Thursday, December 1, 2016

November Books

Another month, another list of books.  I have really enjoyed doing these post, because I can go back and see what I read each month (and can make recommendations to others!).

The Blackthorn Key

The Blackthorn Key is on the DCF list of books, a Vermont award for children's literature.  A classmate read it for an assignment and loved it, so I decided to give it a try.

It was really good!  It's about an orphaned apothecary apprentice who gets caught up in a string of murders in London.  The book is full of chemistry, codes, and mystery.  Maybe not what most adults would want to read (unless they teach ELA), but I would definitely suggest it for middle schoolers!

The Mysterious St. Benedict Society

I needed to pick a book for class (and I could pick whatever book I wanted).  I asked for suggestions on Facebook and got some amazing ones.  And then I saw this in the library and caved.  I had been wanting to read it for some time now, so I figured this was a good excuse!

The main character, Reynie, is an orphan (this is the month of orphaned main characters!) who joins up with three other exceptional kids under the care of Mr. Benedict.  The kids are sent on a mission to figure out what is going on at the Institute. 

This book was a really fun read.  It reminded me a lot of A Series of Unfortunate Events, although not quite as clever.  I think a child who enjoyed puzzles and clues would really enjoy reading this book.  Here is my book companion I made for class (in case you decide to read the book).

Emily of New Moon

I am a HUGE Anne of Green Gables fan.  Goodness, I even named my son after Gilbert Blythe!  But for some reason, I have never read beyond the Anne series.  Recently, I heard a guest on What Should I Read Next talk about the Emily of New Moon series.

I can't even begin to tell you how much I loved this series.  It was like seeing an old friend again.  I read these three on my kindle and I just could NOT stop reading.  

Emily is a little like Anne.  She's an orphan, living on PEI, and she loves to write.  But she is different than Anne, still feisty, still a touch dramatic, but maybe more of a realist.  I still think Anne-girl is my favorite, but Emily is now a close second.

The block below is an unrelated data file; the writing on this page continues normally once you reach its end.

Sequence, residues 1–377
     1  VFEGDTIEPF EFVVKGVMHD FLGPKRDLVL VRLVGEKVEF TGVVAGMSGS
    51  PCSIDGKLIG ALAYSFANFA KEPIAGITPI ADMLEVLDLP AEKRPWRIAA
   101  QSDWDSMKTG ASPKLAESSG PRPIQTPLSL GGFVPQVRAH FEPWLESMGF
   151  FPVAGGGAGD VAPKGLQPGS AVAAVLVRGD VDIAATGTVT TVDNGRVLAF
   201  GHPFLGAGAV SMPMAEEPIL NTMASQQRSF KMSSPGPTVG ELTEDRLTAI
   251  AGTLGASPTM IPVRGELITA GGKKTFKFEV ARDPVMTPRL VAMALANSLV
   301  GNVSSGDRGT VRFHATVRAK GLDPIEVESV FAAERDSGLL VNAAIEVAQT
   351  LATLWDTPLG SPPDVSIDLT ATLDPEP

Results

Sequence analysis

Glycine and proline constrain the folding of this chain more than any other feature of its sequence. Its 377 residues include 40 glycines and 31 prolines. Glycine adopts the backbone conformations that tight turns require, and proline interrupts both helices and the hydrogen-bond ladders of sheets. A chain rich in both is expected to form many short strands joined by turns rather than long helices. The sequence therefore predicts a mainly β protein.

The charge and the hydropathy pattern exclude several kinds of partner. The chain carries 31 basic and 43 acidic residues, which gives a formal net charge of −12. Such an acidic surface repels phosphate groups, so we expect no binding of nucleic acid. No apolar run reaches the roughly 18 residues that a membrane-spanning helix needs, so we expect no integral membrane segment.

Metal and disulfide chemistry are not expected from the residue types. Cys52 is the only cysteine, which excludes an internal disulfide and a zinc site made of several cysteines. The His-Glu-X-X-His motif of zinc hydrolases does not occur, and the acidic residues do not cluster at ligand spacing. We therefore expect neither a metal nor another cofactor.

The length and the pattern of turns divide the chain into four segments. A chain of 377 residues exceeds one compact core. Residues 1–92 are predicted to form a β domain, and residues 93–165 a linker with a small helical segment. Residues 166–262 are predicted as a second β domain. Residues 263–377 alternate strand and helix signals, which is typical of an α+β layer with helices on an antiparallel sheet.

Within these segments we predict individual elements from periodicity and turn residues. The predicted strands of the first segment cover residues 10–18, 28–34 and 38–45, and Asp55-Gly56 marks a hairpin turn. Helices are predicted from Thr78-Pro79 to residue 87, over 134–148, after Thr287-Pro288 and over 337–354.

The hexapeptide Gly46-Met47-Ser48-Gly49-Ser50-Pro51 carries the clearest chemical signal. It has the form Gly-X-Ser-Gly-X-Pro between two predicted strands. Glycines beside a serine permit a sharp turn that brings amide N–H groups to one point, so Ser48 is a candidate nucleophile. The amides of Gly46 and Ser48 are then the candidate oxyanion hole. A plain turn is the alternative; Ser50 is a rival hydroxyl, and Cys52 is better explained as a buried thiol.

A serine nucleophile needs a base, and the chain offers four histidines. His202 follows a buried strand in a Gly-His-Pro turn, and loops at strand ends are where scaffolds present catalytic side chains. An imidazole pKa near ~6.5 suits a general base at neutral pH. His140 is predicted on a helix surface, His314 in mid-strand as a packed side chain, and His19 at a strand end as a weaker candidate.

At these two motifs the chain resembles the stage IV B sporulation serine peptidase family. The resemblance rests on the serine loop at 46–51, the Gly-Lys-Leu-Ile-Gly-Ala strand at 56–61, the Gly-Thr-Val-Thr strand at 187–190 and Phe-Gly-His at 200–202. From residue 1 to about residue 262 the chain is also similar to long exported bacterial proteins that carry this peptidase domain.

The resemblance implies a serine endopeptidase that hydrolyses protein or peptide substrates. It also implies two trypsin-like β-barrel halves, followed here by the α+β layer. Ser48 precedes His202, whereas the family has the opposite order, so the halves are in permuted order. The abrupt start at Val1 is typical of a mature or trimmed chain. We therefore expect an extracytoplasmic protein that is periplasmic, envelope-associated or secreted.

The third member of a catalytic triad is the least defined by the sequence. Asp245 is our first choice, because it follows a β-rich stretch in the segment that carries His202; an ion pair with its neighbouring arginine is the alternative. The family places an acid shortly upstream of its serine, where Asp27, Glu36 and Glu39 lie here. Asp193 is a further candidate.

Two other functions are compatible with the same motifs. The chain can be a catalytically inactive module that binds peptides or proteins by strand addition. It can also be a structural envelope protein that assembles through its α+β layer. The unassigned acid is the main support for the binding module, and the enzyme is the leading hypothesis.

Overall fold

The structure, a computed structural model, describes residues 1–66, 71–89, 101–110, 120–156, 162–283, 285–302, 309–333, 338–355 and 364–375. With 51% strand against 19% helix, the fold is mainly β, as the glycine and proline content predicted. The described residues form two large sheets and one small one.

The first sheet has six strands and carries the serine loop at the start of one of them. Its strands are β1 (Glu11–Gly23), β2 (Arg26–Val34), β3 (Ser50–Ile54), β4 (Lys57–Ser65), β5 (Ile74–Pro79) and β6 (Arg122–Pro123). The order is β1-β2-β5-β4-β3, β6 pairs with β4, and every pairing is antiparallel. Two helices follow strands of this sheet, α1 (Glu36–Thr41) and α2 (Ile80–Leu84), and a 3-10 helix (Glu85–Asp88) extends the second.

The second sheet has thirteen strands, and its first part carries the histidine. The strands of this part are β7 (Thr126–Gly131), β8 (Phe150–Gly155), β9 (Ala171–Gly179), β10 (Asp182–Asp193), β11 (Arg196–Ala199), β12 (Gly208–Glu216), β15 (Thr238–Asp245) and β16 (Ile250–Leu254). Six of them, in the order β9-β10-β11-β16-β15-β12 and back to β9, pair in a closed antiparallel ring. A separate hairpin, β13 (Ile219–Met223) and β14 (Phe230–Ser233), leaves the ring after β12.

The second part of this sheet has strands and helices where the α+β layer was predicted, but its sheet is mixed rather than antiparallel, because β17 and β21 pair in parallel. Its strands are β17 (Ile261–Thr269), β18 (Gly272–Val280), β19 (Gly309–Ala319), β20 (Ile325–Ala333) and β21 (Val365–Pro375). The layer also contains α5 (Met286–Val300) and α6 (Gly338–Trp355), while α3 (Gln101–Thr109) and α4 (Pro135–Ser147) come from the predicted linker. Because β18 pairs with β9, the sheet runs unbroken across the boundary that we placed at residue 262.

Emily Climbs

The second book in the Emily series is a lot like Anne's second book.  Emily goes to the high school in a neighboring town.  

Emily's Quest

And the series finishes up with this book.  I will say, I enjoy the Anne/Gilbert story a little more than what goes on in this book, but I did still love it.

Seriously, if you are an Anne fan and you haven't read these books, please do!  You will thank me...

Boy in the Moon

This is another book for school.  Ian Brown chronicles what it is like raising his son Walker, who has a severe disability.  This book is raw and real and a really beautiful read (look at that alliteration!).  It is non-fiction, but it reads like a narrative, so I enjoyed it.  I loved this book.

The Marvels

Oh, this book!  This book was my second favorite this month, after the Emily series, of course.  It was written by the author of The Invention of Hugo Cabret.

What is amazing about this book is that the first half is only pictures, but somehow, you get a whole story out of the pictures.  And then there is 200 pages of a story, which happens 90 years later.  This book is so beautifully done, and the story is captivating.  I literally didn't put this book down while I was reading it.

Rum and Razors

Another Murder She Wrote mystery to close out the month.  Okay, so this book isn't going to win any awards, but it sure was a fun, light read.  

So that's what November looked like.  December will involve lots of traveling and family, so who knows how much reading I will get done!

Thursday, November 10, 2016

October Books

I read a crazy amount of books for how busy this month is.  But, three of my favorite author's came out with new books, so what was I supposed to do???

The Yonahlossee Riding Camp for Girls

Listen, please trust me and just skip this book.  It was not very good and it was more than slightly graphic.  I kept reading it, hoping there would be something amazing about it.  But no.  There wasn't. I think the author means it to be a coming of age story.  I guess she does accomplish that one.  Just skip it.